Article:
I found myself partway through this book, impatient to reread it. Because there are so many central characters as well as perspective and time period shifts, I felt like I couldn’t keep track of it all the first time through. It wasn’t a problem, because this has such an eerie, dreamlike feel that this disorientation just added to the experience. Although I am Canadian, I live on the west coast, and the magical, foreboding, awe-some power of the forest described in The Lost Coast really spoke to me. By the end of the book, I did feel satisfied that I understood the crux of the plot despite my initial confusion, but I am still excited to read this again on a breezy October evening, diving into this magical and encompassing story with a better understanding of the personalities contained there.

There were a few moments that really made me stop to appreciate and process them. At one point, Danny realizes that although her mother loves her, she doesn’t understand her: “there are parts of me–maybe the best parts–that she will never see, because they’re too strange.” Despite the flack that The Well of Loneliness gets, I still find that one line from it echoes through queer lit even to the present, where the main character declares that her love–which she has been shamed and hated for–is the best thing about her. I see this in Danny, too, this confusion/shame/outrage that the qualities others may resent or want to change about us may be our best qualities, what we most have to offer to the world. Later on, Danny realizes that part of the reason that the Grays touch so much is that they recognize that people like them have been denied this in earlier times, that every kiss is also in tribute to the queer people who were not able to openly kiss the people they wanted to. Especially in the conclusion of this story, there is a real recognition of queer people through time, which I really appreciated.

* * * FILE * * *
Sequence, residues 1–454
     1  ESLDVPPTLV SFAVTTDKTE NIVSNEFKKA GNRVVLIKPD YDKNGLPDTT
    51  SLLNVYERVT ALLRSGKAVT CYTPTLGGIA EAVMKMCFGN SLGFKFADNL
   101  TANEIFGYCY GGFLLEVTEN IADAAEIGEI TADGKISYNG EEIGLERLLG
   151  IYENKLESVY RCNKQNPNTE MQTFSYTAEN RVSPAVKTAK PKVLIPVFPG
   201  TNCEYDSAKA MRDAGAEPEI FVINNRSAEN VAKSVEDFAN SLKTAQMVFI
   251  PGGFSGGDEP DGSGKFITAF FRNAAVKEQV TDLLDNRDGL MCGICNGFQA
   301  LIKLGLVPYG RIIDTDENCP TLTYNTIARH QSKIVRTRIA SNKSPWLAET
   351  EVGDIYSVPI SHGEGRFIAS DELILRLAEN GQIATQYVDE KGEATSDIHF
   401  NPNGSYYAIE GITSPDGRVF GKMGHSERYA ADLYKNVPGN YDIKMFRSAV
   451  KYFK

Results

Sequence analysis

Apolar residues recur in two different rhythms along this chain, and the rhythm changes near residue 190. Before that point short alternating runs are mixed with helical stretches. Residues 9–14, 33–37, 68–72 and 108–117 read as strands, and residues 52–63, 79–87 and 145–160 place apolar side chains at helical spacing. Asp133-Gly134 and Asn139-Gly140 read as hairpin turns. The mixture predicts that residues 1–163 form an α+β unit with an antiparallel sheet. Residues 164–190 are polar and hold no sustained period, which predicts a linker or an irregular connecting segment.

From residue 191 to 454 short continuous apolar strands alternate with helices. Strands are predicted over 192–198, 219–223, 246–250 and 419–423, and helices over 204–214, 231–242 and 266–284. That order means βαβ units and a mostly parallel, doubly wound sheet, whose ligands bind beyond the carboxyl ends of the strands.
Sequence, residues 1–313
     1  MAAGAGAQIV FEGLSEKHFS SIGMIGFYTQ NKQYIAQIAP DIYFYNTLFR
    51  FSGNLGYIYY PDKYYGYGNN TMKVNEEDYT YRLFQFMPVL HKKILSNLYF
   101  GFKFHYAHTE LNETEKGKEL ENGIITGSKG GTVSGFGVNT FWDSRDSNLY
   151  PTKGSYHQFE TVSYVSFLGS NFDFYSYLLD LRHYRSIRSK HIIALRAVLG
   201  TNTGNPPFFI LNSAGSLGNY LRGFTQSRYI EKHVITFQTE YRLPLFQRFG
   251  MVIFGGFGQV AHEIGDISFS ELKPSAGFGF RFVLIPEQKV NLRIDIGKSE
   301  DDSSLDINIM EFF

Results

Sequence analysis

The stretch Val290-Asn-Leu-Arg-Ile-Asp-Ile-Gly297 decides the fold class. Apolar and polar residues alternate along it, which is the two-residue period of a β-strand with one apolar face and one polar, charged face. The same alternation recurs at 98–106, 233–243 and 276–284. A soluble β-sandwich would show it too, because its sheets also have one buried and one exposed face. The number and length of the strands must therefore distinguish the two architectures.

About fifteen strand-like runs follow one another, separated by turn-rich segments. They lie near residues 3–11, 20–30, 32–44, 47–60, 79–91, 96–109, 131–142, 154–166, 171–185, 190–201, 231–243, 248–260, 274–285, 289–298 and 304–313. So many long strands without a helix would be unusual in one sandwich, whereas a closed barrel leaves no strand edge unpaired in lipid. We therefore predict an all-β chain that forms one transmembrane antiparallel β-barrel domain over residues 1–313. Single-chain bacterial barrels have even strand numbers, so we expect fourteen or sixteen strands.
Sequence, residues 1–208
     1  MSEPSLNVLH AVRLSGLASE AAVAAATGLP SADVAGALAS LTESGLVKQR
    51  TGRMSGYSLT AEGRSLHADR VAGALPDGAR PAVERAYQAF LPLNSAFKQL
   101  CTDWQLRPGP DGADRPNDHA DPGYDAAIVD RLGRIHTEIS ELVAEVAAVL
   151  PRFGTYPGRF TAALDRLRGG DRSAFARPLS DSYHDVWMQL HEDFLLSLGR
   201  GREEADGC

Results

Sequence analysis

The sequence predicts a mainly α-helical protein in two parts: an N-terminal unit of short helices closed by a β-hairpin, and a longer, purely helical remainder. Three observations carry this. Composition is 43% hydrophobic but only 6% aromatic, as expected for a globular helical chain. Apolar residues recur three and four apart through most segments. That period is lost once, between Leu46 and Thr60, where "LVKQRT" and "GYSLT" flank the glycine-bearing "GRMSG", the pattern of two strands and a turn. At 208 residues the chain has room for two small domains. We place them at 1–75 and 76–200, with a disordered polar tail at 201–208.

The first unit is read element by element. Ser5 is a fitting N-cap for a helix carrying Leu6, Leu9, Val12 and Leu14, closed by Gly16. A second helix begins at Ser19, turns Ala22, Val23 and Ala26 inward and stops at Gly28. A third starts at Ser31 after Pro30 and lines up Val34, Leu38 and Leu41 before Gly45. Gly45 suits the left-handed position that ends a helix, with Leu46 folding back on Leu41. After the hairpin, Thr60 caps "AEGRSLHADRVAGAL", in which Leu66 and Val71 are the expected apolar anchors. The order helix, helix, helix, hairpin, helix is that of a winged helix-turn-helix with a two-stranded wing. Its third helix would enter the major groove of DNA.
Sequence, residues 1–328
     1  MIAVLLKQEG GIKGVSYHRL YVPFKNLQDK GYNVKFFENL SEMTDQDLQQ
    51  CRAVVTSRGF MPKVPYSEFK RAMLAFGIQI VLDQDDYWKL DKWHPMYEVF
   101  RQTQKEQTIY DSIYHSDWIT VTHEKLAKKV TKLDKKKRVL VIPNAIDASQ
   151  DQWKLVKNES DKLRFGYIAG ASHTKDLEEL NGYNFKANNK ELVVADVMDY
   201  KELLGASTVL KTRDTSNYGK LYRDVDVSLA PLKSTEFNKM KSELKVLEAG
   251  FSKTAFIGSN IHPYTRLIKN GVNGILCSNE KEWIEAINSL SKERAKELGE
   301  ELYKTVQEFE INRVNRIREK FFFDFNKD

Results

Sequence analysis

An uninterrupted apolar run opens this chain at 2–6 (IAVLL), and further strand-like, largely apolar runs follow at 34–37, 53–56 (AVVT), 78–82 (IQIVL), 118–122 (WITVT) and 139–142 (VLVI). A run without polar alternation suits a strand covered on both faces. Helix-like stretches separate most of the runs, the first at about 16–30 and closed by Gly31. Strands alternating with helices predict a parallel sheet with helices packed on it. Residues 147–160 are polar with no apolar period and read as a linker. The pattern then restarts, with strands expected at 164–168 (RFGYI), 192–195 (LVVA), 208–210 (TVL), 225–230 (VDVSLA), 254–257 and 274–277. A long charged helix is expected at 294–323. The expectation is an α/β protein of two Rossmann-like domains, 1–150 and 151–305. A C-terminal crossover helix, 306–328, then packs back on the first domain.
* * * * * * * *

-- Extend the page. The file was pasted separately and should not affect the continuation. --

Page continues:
This is a beautiful book that I feel like so many people have been asking for. It’s an atmospheric Fantasy story. It has diverse queer representation. It’s whimsical and has a big queer cast, all of whom have their own magical specialization. I think this deserves so much more attention. Amy Rose Capetta has really pushed queer YA forward, between this and Once and Future. I’m so glad that 2019 is bringing us the stories we’ve been craving for so many years. Please pick up this story of chosen family and finding your own magic, and spread the word, because I know so many readers have been waiting for a story just like this.

Danika reviews Starworld by Audrey Coulthurst and Paula Garner